“In declining, the novelist said it felt too much like rooting around in someone’s underwear drawer.” So says the editor, Matias Viegener, of the person he and McKenzie Wark initially approached to write the preface for “I’m very into you”, in its introduction. This is an entirely accurate description of my reading experience but, unlike the unnamed novelist, this didn’t cause me enough discomfort to put the book down. In fact, some of its allure stems exactly from its confidential nature, which I’m sure the people involved in its publication were banking on. Quoth Viegener: “Acker would never have agreed to [the letters’] publication were she alive, but she is dead.” Damn, son.
“I’m very into you” is a collection of email exchanges between Kathy Acker and McKenzie Wark. Acker was a writer who died two years after these emails were composed, Wark is a media theorist who teaches at The New School. Beginning after they first met in Australia and, with one exception, ending two weeks later, they manage to cover every topic under the queer, white, middle-class, academic, semi-famous, mid-nineties sun. The two spent three nights together before parting and some of the force of the text comes from their excitement of finding shared understandings despite being virtual strangers. Some of the things they say made me want to vom—for instance how Acker talks about the terribly meaningful stuff she and her friends do ‘in’ culture, like culture’s a pool you dip in and out of—but I got over it soon enough as this was written not for the public, but with one specific, sympathetic reader in mind, and this is their private shorthand.
What makes this particular exchange so heady is that the writers are flirting with each other, romantically and professionally, and the amount of letters vs. shortness of time adds an intense, frenetic energy.
Because Acker is in the United States and Wark is in Australia the letters cross the international dateline and get mixed up as the frequency of writing increases, so eventually, you read the responses before you read what they are responding to. This is fitting because Acker’s work tended to operate with collage and pastiche, and in this collection these techniques emerge and mirror the confusion she feels regarding Wark and his intentions.
What makes this particular exchange so heady is that the writers are flirting with each other, romantically and professionally, and a number of letters vs. shortness of time adds an intense, frenetic energy. This is both thrilling and sometimes irritating. You can tell that they’re showing off and a lot of what Wark says seems wilfully obscure and detached in order to impress: “Do we need to analyse our encounter with each other? Or can we just assume it, and see what kind of dialogue it anchors to a start in time?” Barf. However, their discussions are, for the most part, fascinating and seductive.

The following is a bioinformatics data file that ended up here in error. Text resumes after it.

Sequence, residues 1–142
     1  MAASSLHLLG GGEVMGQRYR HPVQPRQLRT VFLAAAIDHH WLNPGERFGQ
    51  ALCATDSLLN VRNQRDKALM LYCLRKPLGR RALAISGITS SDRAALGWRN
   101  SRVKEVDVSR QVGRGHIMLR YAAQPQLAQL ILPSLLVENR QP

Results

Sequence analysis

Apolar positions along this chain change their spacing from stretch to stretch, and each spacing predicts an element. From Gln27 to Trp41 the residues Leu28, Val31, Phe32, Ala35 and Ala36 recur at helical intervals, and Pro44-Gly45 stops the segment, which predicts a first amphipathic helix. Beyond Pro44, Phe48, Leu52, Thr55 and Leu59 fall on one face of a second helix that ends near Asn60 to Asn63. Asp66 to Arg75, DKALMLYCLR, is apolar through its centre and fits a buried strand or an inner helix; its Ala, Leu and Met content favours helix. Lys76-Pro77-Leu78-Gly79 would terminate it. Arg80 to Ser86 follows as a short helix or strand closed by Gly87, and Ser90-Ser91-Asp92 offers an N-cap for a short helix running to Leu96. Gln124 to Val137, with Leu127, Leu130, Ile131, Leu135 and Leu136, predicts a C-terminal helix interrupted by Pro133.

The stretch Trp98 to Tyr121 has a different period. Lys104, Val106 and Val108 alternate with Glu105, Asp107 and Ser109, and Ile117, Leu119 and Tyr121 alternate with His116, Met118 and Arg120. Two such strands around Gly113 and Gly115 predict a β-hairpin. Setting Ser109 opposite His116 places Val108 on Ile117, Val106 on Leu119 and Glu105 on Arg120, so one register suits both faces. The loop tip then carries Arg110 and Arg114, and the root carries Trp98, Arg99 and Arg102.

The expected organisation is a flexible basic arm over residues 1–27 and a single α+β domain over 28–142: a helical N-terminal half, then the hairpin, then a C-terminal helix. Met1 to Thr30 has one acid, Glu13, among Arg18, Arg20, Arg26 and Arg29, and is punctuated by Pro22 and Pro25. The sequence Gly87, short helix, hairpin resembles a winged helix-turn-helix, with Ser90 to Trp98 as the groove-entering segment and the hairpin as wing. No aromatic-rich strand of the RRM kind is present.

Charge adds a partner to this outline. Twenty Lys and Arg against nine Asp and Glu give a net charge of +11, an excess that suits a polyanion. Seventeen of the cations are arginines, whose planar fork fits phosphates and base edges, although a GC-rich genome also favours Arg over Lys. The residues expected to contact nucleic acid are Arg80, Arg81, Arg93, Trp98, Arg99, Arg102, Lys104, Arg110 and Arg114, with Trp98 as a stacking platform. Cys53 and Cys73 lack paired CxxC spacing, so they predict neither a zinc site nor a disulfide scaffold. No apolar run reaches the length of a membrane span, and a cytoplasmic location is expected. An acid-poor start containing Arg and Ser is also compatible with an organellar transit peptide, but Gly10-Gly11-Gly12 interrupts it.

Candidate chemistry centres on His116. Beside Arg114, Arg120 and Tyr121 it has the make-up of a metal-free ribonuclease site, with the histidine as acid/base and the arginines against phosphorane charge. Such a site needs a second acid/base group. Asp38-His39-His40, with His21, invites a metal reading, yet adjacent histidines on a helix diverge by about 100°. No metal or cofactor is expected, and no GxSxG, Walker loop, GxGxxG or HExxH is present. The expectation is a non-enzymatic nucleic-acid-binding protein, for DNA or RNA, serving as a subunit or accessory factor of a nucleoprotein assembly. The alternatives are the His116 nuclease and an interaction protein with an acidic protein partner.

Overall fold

Quickly you notice how their theoretical concerns are often directly applicable to their relationship, as when Acker talks about power: “I mean, I want to be with you and so you set the terms ‘cause that’s how the relation so far has been arranged. I’m not fucking playing games. I’m just being straight-forward and trying to be, like good-mannered. […] Now if you want me to make the decisions, you have to say so. You see, I’m really not into these out-of-bed games.” Or when Wark, on the subject of their budding friendship, mentions his theory of butch/femme: “I always maintain that there’s no escape from the b/f dialectic, but that anyone can occupy either pole if they know how, and that it can oscillate wildly if you let it/want it. I don’t believe in the androgyne or the bisexual as the middle. If it looks that way it’s because it’s oscillating too fast for the eye to see/hand to feel…”. Throughout the text both writers oscillate between genders, sexualities, masculine/feminine, vulnerability/violence, intimacy/superficiality, dense shorthand/run-on sentences, desire for ambiguity/desire for certainty. Their identities and desires in a constant state of flux. In many ways, the book as a whole works as a metaphor for the things they talk about.